Deploy and Manage Pgpool in Azure Kubernetes Service (AKS)

Overview

KubeDB is the Kubernetes Native Database Management Solution which simplifies and automates routine database tasks such as Provisioning, Monitoring, Upgrading, Patching, Scaling, Volume Expansion, Backup, Recovery, Failure detection, and Repair for various popular databases on private and public clouds. The databases supported by KubeDB include MongoDB, Elasticsearch, MySQL, MariaDB, Redis, PostgreSQL, FerretDB, Percona XtraDB, and Memcached. Additionally, KubeDB also supports ProxySQL, PgBouncer, Pgpool, ZooKeeper and the streaming platform Kafka, RabbitMQ. You can find the guides to all the supported databases in KubeDB . In this tutorial we will deploy and manage Pgpool in Azure Kubernetes Service (AKS). We will cover the following steps:

  1. Install KubeDB
  2. Deploy PostgreSQL Cluster
  3. Deploy Pgpool Cluster
  4. Read/Write through Pgpool

Get Cluster ID

We need the cluster ID to get the KubeDB License. To get cluster ID, we can run the following command:

$ kubectl get ns kube-system -o jsonpath='{.metadata.uid}'
8e336615-0dbb-4ae8-b72f-2e7ec34c399d 

Get License

Go to Appscode License Server to get the license.txt file. For this tutorial we will use KubeDB.

License Server

Install KubeDB

We will use helm to install KubeDB. Please install helm here if it is not already installed. Now, let’s install KubeDB.

$ helm search repo appscode/kubedb
NAME                              	CHART VERSION	APP VERSION	DESCRIPTION                                       
appscode/kubedb                   	v2024.6.4    	v2024.6.4  	KubeDB by AppsCode - Production ready databases...
appscode/kubedb-autoscaler        	v0.31.0      	v0.31.0    	KubeDB Autoscaler by AppsCode - Autoscale KubeD...
appscode/kubedb-catalog           	v2024.6.4    	v2024.6.4  	KubeDB Catalog by AppsCode - Catalog for databa...
appscode/kubedb-community         	v0.24.2      	v0.24.2    	KubeDB Community by AppsCode - Community featur...
appscode/kubedb-crd-manager       	v0.1.0       	v0.1.0     	KubeDB CRD Manager by AppsCode                    
appscode/kubedb-crds              	v2024.6.4    	v2024.6.4  	KubeDB Custom Resource Definitions                
appscode/kubedb-dashboard         	v0.22.0      	v0.22.0    	KubeDB Dashboard by AppsCode                      
appscode/kubedb-enterprise        	v0.11.2      	v0.11.2    	KubeDB Enterprise by AppsCode - Enterprise feat...
appscode/kubedb-grafana-dashboards	v2024.6.4    	v2024.6.4  	A Helm chart for kubedb-grafana-dashboards by A...
appscode/kubedb-kubestash-catalog 	v2024.6.4    	v2024.6.4  	KubeStash Catalog by AppsCode - Catalog of Kube...
appscode/kubedb-metrics           	v2024.6.4    	v2024.6.4  	KubeDB State Metrics                              
appscode/kubedb-one               	v2023.12.28  	v2023.12.28	KubeDB and Stash by AppsCode - Production ready...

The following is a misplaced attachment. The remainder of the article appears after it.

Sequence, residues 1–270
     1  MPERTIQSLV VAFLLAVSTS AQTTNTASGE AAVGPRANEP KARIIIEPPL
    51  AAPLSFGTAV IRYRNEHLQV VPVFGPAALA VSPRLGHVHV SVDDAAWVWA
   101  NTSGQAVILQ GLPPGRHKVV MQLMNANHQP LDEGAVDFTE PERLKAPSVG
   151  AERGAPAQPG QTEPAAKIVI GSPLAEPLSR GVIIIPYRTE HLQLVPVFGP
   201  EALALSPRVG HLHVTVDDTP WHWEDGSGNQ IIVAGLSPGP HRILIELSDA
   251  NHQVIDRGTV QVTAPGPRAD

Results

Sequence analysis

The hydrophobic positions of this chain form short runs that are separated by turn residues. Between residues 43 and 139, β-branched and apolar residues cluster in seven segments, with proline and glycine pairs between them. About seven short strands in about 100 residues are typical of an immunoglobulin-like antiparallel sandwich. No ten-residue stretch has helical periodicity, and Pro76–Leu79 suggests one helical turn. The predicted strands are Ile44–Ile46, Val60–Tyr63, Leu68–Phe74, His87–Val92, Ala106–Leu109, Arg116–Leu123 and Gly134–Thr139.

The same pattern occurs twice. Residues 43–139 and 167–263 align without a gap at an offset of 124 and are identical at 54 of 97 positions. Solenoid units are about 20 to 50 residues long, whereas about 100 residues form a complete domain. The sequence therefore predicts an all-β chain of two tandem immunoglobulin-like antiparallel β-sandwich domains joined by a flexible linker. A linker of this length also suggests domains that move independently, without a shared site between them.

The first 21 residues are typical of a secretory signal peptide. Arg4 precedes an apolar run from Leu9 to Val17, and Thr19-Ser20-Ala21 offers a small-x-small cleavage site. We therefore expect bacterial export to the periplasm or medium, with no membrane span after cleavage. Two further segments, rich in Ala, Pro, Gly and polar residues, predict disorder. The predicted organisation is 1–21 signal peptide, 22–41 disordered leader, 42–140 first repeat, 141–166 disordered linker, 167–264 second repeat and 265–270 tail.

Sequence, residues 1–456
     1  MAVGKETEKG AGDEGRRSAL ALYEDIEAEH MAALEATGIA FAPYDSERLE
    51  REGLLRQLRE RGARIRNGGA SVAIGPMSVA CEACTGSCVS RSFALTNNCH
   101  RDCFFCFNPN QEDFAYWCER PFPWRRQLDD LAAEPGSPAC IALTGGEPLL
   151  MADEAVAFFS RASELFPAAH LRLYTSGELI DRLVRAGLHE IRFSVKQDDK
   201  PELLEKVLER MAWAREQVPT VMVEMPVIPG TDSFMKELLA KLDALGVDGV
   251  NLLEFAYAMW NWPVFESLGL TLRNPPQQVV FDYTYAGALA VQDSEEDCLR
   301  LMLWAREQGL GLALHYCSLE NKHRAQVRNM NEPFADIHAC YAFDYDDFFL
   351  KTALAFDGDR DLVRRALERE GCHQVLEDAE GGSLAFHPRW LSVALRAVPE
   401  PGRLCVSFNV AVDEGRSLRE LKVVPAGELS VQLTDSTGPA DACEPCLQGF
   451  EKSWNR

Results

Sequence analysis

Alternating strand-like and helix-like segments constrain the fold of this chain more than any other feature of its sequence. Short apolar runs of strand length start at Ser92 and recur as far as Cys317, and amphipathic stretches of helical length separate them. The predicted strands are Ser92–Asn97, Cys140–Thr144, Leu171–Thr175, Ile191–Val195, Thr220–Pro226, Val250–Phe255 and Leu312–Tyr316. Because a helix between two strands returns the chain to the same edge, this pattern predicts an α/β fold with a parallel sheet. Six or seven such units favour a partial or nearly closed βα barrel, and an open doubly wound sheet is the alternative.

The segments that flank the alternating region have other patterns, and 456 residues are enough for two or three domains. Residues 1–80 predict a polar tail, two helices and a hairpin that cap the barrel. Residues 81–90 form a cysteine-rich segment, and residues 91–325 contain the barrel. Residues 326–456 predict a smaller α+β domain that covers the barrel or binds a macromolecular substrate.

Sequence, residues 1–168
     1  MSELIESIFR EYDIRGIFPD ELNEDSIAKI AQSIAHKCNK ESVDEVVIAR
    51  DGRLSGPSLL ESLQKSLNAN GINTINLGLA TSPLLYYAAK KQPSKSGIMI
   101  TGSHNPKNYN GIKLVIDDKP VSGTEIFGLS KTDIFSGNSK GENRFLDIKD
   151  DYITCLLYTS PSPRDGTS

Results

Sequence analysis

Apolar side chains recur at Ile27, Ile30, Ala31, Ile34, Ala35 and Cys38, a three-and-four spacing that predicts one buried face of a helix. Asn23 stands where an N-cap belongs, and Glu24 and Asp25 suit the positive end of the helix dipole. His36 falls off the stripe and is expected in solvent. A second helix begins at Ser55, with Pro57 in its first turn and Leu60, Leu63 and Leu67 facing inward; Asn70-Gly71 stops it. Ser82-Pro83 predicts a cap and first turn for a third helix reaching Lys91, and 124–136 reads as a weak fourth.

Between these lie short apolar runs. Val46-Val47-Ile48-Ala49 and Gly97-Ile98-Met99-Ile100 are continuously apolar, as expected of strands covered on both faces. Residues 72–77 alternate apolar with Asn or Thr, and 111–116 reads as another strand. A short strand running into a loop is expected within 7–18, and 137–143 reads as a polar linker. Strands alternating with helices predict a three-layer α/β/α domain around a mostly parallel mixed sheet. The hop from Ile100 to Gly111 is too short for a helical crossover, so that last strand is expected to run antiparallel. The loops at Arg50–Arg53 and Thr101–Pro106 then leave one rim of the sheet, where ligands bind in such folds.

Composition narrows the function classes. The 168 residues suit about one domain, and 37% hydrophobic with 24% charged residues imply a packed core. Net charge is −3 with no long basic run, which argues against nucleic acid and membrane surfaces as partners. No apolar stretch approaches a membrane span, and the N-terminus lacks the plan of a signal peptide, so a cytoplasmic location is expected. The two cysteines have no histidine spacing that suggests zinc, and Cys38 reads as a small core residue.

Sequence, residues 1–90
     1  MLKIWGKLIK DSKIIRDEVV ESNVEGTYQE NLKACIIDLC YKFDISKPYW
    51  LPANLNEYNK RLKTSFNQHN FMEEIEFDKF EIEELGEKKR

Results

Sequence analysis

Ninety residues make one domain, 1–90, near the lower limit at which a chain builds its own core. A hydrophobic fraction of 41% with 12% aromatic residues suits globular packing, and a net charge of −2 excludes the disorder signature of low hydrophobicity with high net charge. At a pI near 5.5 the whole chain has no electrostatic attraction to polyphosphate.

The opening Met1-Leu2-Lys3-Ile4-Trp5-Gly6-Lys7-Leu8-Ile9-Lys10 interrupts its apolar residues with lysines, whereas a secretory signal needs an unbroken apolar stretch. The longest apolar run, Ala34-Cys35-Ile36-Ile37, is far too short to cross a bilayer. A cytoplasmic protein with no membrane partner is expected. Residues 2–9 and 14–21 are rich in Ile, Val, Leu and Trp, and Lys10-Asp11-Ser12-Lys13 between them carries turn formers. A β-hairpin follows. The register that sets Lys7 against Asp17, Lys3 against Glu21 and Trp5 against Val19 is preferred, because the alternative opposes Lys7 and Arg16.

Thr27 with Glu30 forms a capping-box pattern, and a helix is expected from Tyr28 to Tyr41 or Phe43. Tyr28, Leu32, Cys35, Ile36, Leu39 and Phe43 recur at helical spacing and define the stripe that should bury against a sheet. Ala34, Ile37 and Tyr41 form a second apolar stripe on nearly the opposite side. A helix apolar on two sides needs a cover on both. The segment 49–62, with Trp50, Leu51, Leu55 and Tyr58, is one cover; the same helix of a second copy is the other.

appscode/kubedb-ops-manager       	v0.33.0      	v0.33.0    	KubeDB Ops Manager by AppsCode - Enterprise fea...
appscode/kubedb-opscenter         	v2024.6.4    	v2024.6.4  	KubeDB Opscenter by AppsCode                      
appscode/kubedb-provider-aws      	v2024.6.4    	v0.8.0     	A Helm chart for KubeDB AWS Provider for Crossp...
appscode/kubedb-provider-azure    	v2024.6.4    	v0.8.0     	A Helm chart for KubeDB Azure Provider for Cros...
appscode/kubedb-provider-gcp      	v2024.6.4    	v0.8.0     	A Helm chart for KubeDB GCP Provider for Crossp...
appscode/kubedb-provisioner       	v0.46.0      	v0.46.0    	KubeDB Provisioner by AppsCode - Community feat...
appscode/kubedb-schema-manager    	v0.22.0      	v0.22.0    	KubeDB Schema Manager by AppsCode                 
appscode/kubedb-ui                	v2024.6.3    	0.6.8      	A Helm chart for Kubernetes                       
appscode/kubedb-ui-server         	v2021.12.21  	v2021.12.21	A Helm chart for kubedb-ui-server by AppsCode     
appscode/kubedb-webhook-server    	v0.22.0      	v0.22.0    	KubeDB Webhook Server by AppsCode 


$ helm install kubedb oci://ghcr.io/appscode-charts/kubedb \
  --version v2024.6.4 \
  --namespace kubedb --create-namespace \
  --set-file global.license=/path/to/the/license.txt \
  --set global.featureGates.Pgpool=true \
  --wait --burst-limit=10000 --debug

Let’s verify the installation:

$ watch kubectl get pods --all-namespaces -l "app.kubernetes.io/instance=kubedb"
NAMESPACE   NAME                                            READY   STATUS    RESTARTS   AGE
kubedb      kubedb-kubedb-autoscaler-6559f975b8-fz7sk       1/1     Running   0          2m37s
kubedb      kubedb-kubedb-ops-manager-dcdf65968-vwfgn       1/1     Running   0          2m37s
kubedb      kubedb-kubedb-provisioner-6f5c9ff8db-7zwjh      1/1     Running   0          2m37s
kubedb      kubedb-kubedb-webhook-server-655ff746d4-vzcnf   1/1     Running   0          2m37s
kubedb      kubedb-petset-operator-5d94b4ddb8-w2hwr         1/1     Running   0          2m37s
kubedb      kubedb-petset-webhook-server-58c94d5bbd-tpwmb   2/2     Running   0          2m37s
kubedb      kubedb-sidekick-5d9947bd9-g5fwt                 1/1     Running   0          2m37s

We can list the CRD Groups that have been registered by the operator by running the following command:

$ kubectl get crd -l app.kubernetes.io/name=kubedb